As area universities began to open up to women in the final decades of the 19th century female scientists sought that formal education. At Penn, some academic departments began admitting women, particularly those that were just being established, such as the biology department in 1884. Barriers remained for some time, however. Women were permitted to enroll in a two-year course of study that led to a “certificate of proficiency,” but were barred from earning a bachelor’s degree. They also faced a less-than-congenial learning environment. In 1889, the members of the senior class staged a protest and signed a petition to the Trustees against coeducation.
Botanist Ida Augusta Keller (1866 – 1932) was the first woman to complete a two-year course in biology at Penn and receive a Certificate of Proficiency in 1886. To continue her education she went abroad, first to the University of Leipzig and then completing her doctoral work at the University of Zurich in 1890. She enjoyed a long teaching career at Bryn Mawr College and later at the Philadelphia High School for Girls. Keller was the first woman elected to membership in the Philadelphia Botanical Club.
In 1894, Penn created a four-year course for a Bachelor of Science degree in biology that was open to men and women, the first at the university. The following year, Josephine Feger Ancona, who had received the certificate four years earlier, became the first woman to earn a bachelor’s degree at Penn.
The biology department at Penn gave the school another first for women. By appointing botanist Emily Lovira Gregory as a teaching fellow in 1888, she became the first female member of the university’s faculty, 12 years after admitting their first female students. Gregory had been educated at Cornell University and the University of Zurich and was the first woman elected to the American Society of Naturalists. At Penn, she developed the department’s botanical laboratory.
A few years later, Mary Engle Pennington (1872-1952) followed Gregory as another botany fellow in the department, but left in 1898 to become the director of the clinical laboratory at the Woman’s Medical College of Pennsylvania (WMCP). That school played an important role for women in the sciences in the 19th century. Founded in 1850 as the Female Medical College of Pennsylvania, it originated at the urging of doctor and abolitionist Bartholomew Fussell to a group of fellow physicians. Fussell saw a college to train female doctors as a tribute to his late sister, Esther Fussell Lewis—mother of ornithologist Graceanna Lewis—whom he thought could have been a doctor if given the opportunity.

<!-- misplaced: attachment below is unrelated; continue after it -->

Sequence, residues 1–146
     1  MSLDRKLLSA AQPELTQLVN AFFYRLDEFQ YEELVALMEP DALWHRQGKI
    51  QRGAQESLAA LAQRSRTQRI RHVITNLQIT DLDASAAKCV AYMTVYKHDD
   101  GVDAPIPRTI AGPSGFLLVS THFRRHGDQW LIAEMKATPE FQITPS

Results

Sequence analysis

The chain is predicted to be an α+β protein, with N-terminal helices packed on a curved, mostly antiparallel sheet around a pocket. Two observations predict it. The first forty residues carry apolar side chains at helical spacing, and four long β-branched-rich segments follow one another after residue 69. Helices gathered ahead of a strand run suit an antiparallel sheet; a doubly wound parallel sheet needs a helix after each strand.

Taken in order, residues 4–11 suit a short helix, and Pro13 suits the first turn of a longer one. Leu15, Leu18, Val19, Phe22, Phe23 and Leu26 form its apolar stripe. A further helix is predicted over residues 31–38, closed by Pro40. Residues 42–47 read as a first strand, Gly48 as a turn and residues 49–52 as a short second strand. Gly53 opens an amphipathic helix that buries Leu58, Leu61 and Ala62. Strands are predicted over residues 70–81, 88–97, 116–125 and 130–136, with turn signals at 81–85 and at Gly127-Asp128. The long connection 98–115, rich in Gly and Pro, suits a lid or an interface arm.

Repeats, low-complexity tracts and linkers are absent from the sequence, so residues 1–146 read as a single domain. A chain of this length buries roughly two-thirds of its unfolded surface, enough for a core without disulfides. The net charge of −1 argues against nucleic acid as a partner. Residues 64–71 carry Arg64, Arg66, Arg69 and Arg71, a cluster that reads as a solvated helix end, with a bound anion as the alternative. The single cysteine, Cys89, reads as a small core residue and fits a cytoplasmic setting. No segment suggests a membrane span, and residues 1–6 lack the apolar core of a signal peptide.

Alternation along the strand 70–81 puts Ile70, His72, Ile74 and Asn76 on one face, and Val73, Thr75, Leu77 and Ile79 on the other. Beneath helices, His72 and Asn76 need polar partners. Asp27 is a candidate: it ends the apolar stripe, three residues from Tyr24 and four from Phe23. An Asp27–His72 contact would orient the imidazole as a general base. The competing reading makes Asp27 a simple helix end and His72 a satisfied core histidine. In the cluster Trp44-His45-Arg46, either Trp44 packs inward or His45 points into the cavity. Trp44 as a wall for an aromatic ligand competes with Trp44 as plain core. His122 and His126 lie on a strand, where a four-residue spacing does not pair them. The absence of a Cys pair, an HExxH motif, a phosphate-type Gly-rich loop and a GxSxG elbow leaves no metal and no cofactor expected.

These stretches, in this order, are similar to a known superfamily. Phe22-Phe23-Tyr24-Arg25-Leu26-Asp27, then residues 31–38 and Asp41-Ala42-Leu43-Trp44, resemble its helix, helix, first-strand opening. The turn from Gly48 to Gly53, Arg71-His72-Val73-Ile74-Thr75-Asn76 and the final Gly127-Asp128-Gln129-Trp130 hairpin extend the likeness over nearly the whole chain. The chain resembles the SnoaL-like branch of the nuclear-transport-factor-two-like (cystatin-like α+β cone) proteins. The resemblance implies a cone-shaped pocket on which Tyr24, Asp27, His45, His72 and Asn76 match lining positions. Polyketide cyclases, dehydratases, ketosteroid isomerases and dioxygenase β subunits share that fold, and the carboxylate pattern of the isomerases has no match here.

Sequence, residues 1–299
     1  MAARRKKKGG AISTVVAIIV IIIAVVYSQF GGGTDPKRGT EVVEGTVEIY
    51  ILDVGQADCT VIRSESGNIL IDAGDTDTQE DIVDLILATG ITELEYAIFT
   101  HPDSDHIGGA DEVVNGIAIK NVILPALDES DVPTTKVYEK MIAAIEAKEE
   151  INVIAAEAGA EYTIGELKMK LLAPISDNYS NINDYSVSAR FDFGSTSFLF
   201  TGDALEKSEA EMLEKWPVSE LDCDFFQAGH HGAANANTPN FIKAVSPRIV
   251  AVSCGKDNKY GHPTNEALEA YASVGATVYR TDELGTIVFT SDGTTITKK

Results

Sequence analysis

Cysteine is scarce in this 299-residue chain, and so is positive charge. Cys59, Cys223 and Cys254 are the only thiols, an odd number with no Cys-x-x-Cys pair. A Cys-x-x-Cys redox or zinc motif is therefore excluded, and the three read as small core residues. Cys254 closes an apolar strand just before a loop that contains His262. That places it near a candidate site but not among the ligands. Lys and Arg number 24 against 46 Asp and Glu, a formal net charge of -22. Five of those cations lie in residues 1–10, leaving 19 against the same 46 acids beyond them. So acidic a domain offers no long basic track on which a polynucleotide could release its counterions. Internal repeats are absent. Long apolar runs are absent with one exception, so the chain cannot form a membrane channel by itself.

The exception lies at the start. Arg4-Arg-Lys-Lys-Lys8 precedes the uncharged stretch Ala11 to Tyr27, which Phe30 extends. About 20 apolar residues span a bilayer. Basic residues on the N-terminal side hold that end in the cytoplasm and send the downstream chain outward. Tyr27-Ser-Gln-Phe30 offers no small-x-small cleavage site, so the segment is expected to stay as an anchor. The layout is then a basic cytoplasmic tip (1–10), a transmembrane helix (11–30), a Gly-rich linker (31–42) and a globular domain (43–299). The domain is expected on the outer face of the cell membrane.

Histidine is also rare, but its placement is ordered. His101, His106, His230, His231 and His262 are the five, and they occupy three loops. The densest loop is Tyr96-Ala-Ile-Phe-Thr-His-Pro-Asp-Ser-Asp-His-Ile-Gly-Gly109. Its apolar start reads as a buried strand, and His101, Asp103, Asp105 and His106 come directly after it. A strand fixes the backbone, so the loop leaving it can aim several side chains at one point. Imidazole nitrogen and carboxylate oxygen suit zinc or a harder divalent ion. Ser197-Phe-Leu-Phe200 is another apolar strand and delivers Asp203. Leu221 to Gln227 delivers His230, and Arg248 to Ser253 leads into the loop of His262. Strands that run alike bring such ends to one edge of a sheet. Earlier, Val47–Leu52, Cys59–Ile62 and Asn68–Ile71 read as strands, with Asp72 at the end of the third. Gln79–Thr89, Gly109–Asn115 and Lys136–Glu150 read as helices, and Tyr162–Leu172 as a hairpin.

Ann Preston (1813 – 1872) had been privately educated in medicine through an apprenticeship and enrolled in the college’s first class when she was 38 years old. After receiving a medical degree along with seven other women in 1851, she went on to become the college’s dean 15 years later, the first woman to lead a medical school.
Caroline Still Anderson (1848-1919) was another WMCP graduate and one of the first Black female doctors in the United States. The daughter of abolitionist leaders William and Letitia Still, she earned a bachelor’s degree from Oberlin College at the age of 19 and her medical degree in 1878, one of two Black students in her class of 17. In addition to maintaining a private practice, she opened a dispensary in the church where her husband Matthew Anderson served as pastor. The two of them were among the founders of the Berean Manual and Industrial School.
In a somewhat ironic role reversal, the Woman’s Medical College of Pennsylvania began admitting men in 1970 and changed its name to the Medical College of Pennsylvania before merging with Hahnemann Medical School. It was eventually absorbed by the Drexel University College of Medicine.
Like their undergraduate sisters, the number of women enrolled in medical school in the United States has recently grown to a slim majority. It seems that we as a society have discovered that science is women’s work after all thanks to these 19th century women and the myriad others who persevered like them to make it so.